“He is a miracle case because so many things went in his favor,” said Dr. Nicholas Namias, Jackson Ryder Trauma department director and one of the surgeons who operated on him last week.-Wes
Most miraculous was the rare anatomy of Mendigutia’s heart. The bullet caused a blockage in the left anterior descending artery, the heart’s main artery. But because of his heart’s “very rare” anatomy, blood was able to flow through the opposite side of the artery.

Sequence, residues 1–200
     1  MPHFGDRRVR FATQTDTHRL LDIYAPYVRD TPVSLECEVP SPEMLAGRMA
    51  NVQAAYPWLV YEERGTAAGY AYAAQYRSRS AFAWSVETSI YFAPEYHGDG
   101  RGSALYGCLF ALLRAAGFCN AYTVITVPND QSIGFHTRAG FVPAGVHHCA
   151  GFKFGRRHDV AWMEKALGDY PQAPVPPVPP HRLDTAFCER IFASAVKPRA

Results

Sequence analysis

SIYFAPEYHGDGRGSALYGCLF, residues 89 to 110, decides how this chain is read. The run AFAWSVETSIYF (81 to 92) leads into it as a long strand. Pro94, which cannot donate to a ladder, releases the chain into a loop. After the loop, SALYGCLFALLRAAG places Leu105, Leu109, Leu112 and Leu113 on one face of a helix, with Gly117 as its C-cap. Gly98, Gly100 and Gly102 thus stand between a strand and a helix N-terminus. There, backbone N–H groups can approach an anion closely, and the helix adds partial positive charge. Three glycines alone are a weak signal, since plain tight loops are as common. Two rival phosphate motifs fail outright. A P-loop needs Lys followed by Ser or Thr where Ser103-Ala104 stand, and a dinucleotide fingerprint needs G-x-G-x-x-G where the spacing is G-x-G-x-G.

Also, in this type of case, the pellet could have affected his aorta, esophagus and/or trachea, said Namias. In this case, it missed all three.
Mendigutia was airlifted to Ryder Trauma at midnight May 23 with cardiac tamponade, which means blood was filling up in the space between the myocardium (heart muscle) and pericardium (outer covering the heart). This prevents the ventricles from expanding and can cause a heart attack.
“Gabriel had a right coronary artery that supplies the left anterior descending distribution. He had a blockage, but rare anatomy allowed blood to flow backwards to area of injury, “said Namias, who doubts any other area hospital would have been able to save his life.
Addendum 6 June 2011: The man's post-op picture and follow-up story here.